Nostalgia is frequently a funny thing. Revisiting past pop cultural flames can underscore just how much of a warping influence something like the innate catchiness (or sheer volume) of a commercial jingle had in shaping the rallying affection of adolescent identification and embrace. Weirder still, though, are second-generation rebirths of trends, toy lines and the like, as when something like Cabbage Patch Kids get rebooted. “Didn’t the popularity of this game/item run its course for a reason?” one can’t help but wonder.
The latter comes to mind with Transformers Animated, new to DVD. With the fanboy-fueled heat over last summer’s action extravaganza Transformers still not fully abated, and its live-action sequel already in full swing, the toys which ruled a decent part of the 1980s as a hugely popular line of toys, comic books and accompanying “lifestyle” gear and whats-its for young boys — picking up the action figure mantle from the Star Wars franchise and giving it a tech-age, presto-chango kick in the pants — are back. This animated series, launched on the Cartoon Network late last year, re-hashes a lot of the same basic story points as the original animated series from the ’80s; the most remarkable thing, though, may be that here revival means not radical reinvention, but streamlining.
Eschewing the more artistically involved animé style of previous small screen efforts, this series trades in big, grabby, colorful 2-D animation, and the angles, joints and movements of its star subjects come across less as those of transforming big rigs and airplanes and more as giant hunks of weaponized metal. The main story is still familiar, though it’s a weird marriage of past series lore and Bay’s film: led by Optimus Prime (voiced by David Kaye), the Autobots take to defending both the Allspark and their new adopted home (that would be Earth), as well as 8-year-old Sari Sumdac (voiced by Tara Strong, who also voiced Princess Clara on Drawn Together). Sari not only becomes an honorary Autobot, but a vital component of the team and the keeper of a key which serves as an emergency power supply and source of healing for the Autobots. Naturally, the evil Decepticons want the key and Allspark for themselves. Much noisy grappling ensues.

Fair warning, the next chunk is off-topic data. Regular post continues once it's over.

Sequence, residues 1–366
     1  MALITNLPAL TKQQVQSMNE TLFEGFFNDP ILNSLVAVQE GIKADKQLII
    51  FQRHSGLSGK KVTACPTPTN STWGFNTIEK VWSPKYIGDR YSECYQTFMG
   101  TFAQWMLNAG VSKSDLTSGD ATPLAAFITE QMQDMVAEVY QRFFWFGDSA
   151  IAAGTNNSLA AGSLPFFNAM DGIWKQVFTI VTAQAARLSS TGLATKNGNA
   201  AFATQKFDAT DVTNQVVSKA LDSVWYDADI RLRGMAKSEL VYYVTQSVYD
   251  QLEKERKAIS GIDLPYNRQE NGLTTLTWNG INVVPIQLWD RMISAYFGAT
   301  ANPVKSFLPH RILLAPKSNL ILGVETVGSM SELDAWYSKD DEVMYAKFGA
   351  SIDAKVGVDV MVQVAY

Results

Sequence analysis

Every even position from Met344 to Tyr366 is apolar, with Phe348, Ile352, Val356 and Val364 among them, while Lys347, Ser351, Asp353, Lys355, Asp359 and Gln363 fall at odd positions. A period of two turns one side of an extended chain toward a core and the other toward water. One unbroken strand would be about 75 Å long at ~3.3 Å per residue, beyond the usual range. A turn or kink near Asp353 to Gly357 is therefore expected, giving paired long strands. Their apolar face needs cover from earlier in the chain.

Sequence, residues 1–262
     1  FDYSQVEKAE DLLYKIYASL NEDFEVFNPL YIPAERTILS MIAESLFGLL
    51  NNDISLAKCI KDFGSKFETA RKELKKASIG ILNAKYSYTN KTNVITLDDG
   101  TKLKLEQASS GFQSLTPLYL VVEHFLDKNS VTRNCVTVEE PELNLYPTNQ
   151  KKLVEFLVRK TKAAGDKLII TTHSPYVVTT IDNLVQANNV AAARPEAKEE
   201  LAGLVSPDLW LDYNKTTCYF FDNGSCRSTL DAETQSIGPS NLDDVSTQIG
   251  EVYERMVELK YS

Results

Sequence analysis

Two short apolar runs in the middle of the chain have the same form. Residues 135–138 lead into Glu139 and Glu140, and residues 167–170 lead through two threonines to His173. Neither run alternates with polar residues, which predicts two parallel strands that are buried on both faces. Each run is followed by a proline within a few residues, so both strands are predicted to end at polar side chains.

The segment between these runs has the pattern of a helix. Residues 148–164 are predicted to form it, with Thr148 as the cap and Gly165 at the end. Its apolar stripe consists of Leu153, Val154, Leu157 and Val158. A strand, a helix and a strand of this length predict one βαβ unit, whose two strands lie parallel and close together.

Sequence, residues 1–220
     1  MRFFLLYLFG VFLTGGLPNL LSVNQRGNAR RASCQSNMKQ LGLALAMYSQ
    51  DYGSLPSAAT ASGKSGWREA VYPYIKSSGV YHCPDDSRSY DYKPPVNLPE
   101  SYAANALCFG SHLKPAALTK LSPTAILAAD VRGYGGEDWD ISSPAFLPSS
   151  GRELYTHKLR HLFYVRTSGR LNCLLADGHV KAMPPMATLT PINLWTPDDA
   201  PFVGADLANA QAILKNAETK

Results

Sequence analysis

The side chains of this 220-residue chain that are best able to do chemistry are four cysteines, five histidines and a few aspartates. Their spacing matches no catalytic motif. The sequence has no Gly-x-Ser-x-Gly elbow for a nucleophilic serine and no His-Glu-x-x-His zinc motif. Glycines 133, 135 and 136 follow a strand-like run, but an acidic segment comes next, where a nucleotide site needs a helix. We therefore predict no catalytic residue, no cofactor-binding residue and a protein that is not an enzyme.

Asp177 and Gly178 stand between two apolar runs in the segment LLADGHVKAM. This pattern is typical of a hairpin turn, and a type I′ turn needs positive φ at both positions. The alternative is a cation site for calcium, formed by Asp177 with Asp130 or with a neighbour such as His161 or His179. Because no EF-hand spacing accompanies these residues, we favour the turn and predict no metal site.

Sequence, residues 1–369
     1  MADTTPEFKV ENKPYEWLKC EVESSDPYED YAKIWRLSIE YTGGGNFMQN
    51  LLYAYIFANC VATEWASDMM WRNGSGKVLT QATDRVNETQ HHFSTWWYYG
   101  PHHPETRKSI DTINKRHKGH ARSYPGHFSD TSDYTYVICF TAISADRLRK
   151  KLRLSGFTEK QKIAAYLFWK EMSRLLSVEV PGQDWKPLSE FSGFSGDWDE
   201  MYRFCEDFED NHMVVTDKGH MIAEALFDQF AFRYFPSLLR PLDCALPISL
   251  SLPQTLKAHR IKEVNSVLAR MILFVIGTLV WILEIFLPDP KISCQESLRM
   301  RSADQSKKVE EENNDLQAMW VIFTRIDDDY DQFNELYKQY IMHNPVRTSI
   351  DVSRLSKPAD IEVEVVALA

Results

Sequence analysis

Not to put too fine a point on it, but Transformers Animated seems like a downgrade in almost every conceivable way. This is brand-name, space-filling entertainment, pure and simple. However ridiculous its main conceit (space-traveling robots who happen to take the form of human forms of transportation) might have once been, there was a sense of forward-leaning imaginativeness to it all back in the ’80s. Now, with a cross-platform re-launching designed to bring in nostalgic Gen-Xers and their little kids, the seams show. And I yawn.
Transformers Animated: Season One is spread out over two discs, comes housed in a regular plastic Amray case, and is presented in 1.33:1 full screen, with English and Spanish language Dolby digital stereo audio tracks, each of which capably capture all those whirring sounds (yeah… technical description) that fans of the original series will remember. Apart from a photo gallery sneak peek at two dozen character design sketches from the forthcoming second season release, there are no supplemental bonus features. To purchase the DVD via Amazon, click here. C- (Series) D+ (Disc)